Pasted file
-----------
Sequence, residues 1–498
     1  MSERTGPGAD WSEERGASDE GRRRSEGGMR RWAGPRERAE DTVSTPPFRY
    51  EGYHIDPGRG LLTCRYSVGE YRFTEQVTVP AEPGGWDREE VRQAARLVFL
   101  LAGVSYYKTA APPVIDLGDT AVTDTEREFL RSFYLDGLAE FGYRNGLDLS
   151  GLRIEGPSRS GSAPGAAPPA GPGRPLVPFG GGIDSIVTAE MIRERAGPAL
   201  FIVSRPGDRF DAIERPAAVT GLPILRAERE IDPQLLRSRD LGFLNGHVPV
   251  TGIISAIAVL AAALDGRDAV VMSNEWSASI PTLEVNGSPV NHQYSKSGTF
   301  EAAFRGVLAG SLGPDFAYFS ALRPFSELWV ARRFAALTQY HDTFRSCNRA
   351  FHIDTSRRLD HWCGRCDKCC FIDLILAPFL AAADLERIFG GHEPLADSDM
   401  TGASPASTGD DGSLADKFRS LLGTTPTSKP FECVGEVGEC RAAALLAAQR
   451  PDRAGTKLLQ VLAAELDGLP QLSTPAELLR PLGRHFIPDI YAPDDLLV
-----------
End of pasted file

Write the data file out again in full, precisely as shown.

Sequence, residues 1–498
     1  MSERTGPGAD WSEERGASDE GRRRSEGGMR RWAGPRERAE DTVSTPPFRY
    51  EGYHIDPGRG LLTCRYSVGE YRFTEQVTVP AEPGGWDREE VRQAARLVFL
   101  LAGVSYYKTA APPVIDLGDT AVTDTEREFL RSFYLDGLAE FGYRNGLDLS
   151  GLRIEGPSRS GSAPGAAPPA GPGRPLVPFG GGIDSIVTAE MIRERAGPAL
   201  FIVSRPGDRF DAIERPAAVT GLPILRAERE IDPQLLRSRD LGFLNGHVPV
   251  TGIISAIAVL AAALDGRDAV VMSNEWSASI PTLEVNGSPV NHQYSKSGTF
   301  EAAFRGVLAG SLGPDFAYFS ALRPFSELWV ARRFAALTQY HDTFRSCNRA
   351  FHIDTSRRLD HWCGRCDKCC FIDLILAPFL AAADLERIFG GHEPLADSDM
   401  TGASPASTGD DGSLADKFRS LLGTTPTSKP FECVGEVGEC RAAALLAAQR
   451  PDRAGTKLLQ VLAAELDGLP QLSTPAELLR PLGRHFIPDI YAPDDLLV